David Christopher Pundyk 1983-2009

He loved the waters around his family’s cottage, and often worked long days as a fishing guide

David Christopher Pundyk 1983-2009David Christopher Pundyk was born on Dec. 23, 1983, two and a half weeks late. His parents, John and Brenda, were both teachers on the Fisher River Cree Nation, 200 km north of Winnipeg, but David’s apparent unwillingness to emerge brought them to the city for his birth. Upon arrival, David, whose mother was Cree, had a shock of black hair that resembled Ronald Reagan’s pompadour, earning him the nickname “Little Ronnie.” A shy boy, he was “attached to his mummy’s side,” says John, which older brother Mike teased him about.

Dave, as he was often called, grew up spending summers at the family cottage. Located on the Winnipeg River near the town of Minaki, Ont.,, it wasn’t accessible by road. The family motored across the water in a fishing boat to get there. As soon as he could hold the tiller, Dave sat in John’s lap and learned to steer. Fishing was “part of them,” says John of the boys, who particularly enjoyed catching colourful pumpkinseed fish. Dave and friend Dan Polakoff, whose family had a cottage nearby, would attach a small motor to their canoe. “We probably could paddle faster, but we liked being the big kids in the boat,” says Dan. Unbeknownst to their parents, they would often have double suppers, convincing one family to eat early, and arriving for the second meal “just as the table was being set,” says Dan.

By the time Dave started school, the family had moved to Winnipeg. Academics were a struggle, but his parents helped him with the material, and read to him often. His favourite book was The Muskie Hook, about a boy who goes fishing. He didn’t take to hockey or soccer; it was volleyball that finally coaxed him out of his shell. Superior hand-eye coordination made him a natural on the court. As he improved, says John, “We saw him grow in confidence.”

At the cottage, Dave often occupied himself with the contents of John’s toolbox. One summer, he decided that Dan’s tree house required walls. But the project was a bit ambitious; when they leaned on the boards they’d nailed in, says Dan, “We went flying out of the trees.” Dave, however, remained undeterred. By the end of high school, his creations, which included an oak coffee table with an inlaid chess board, were “store quality,” says John.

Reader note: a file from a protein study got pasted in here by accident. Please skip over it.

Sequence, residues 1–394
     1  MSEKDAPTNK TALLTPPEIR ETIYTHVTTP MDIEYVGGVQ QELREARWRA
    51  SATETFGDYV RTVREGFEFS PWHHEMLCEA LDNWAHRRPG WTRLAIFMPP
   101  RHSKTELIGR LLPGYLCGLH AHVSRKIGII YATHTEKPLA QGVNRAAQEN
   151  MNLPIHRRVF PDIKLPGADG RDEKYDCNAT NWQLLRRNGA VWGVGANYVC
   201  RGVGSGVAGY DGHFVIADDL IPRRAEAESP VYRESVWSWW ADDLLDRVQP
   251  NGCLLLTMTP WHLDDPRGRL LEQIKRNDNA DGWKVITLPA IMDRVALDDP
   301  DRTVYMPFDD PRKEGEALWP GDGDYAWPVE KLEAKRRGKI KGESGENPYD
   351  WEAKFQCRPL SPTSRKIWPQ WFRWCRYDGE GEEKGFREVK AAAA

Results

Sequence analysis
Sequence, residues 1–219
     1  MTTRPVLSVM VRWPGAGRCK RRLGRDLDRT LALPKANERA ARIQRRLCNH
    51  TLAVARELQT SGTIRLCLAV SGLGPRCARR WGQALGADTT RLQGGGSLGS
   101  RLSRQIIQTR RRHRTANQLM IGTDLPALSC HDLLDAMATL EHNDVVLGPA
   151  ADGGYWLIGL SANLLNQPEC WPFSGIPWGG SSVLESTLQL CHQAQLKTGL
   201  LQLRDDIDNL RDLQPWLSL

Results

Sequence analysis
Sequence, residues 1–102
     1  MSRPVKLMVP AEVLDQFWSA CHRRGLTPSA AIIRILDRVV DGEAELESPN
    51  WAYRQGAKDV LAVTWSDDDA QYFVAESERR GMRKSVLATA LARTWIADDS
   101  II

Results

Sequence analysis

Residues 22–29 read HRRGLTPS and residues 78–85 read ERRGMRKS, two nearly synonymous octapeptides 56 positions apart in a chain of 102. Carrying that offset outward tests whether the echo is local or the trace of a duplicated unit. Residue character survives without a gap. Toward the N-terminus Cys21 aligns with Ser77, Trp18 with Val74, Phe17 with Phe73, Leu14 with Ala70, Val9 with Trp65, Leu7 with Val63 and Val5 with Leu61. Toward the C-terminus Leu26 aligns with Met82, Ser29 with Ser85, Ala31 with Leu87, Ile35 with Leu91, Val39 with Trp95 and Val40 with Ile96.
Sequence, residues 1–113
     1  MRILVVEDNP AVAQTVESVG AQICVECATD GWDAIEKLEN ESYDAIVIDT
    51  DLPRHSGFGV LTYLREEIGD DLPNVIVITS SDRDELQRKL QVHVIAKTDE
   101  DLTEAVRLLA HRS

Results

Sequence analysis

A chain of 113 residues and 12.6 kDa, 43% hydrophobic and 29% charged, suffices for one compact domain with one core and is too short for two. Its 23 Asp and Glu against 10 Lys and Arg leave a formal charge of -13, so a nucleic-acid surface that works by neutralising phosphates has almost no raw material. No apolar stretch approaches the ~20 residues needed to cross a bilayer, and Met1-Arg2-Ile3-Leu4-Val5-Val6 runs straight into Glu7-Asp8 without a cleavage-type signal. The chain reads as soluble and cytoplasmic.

From a young age, Dave worked on fishing boats, first as a gofer for the guides in Minaki, and eventually as a guide himself. The long days on the water required “an ability to connect with people,” says Mike, and as Dave grew up, he became “extremely good at that.” To his tight-knit group of buddies, he was a bit of a “goofball,” who could be counted on to break out fist-pumping dance moves and sing along to his favourite Neil Young and Lynyrd Skynyrd songs, says friend Kelly Smith.

Though he had planned to pursue carpentry, when Dave heard about a joint Red River College-University of Winnipeg program in industrial arts and education, he applied—and got in. As a student teacher, he wasn’t much older than the high school kids, but his imposing stature (he grew to six foot four), gentle demeanour and easy smile won them over. When Red River restarted its volleyball program, Dave became captain and a league all-star.

In summer 2006, while guiding in Great Slave Lake, N.W.T., Dave set his sights on Chelsea Solmundson, who was also from Winnipeg. “He just wouldn’t leave me alone,” she says. She soon fell for his easygoing nature. In public, they teased each other relentlessly, but when they were alone, Dave was “such an affectionate person,” she says. A volleyball player herself, she says they joked that their kids would have “ridiculous limbs.” They planned to move in together this year, and someday build their own cottage on Dave’s family’s property.

Before graduation, Dave did a stint in Fisher River, filling in for the industrial arts teacher. In 2007, he got a position at Sisler high school in Winnipeg. The job wasn’t ideal; he was mostly teaching social studies, and he longed for his own shop. So when a full-time industrial arts position opened up at another high school, he applied. In May, he found out he got it. “He was just so pumped,” says Chelsea.

When the school year ended, Dave went up to the cottage with his parents, content to while away the summer on the water. In the wee hours of July 18, he was at a birthday party at a nearby cottage. At about 3:30 a.m., as he left with a few friends, his motor stalled. Another boat, which had been travelling ahead of his, circled back. But it was dark, and when Dave restarted his motor, the two collided, throwing him into the water. It took rescue workers a week to find Dave’s body. He was 25.

Looking for more?

Get the Best of Maclean's sent straight to your inbox. Sign up for news, commentary and analysis.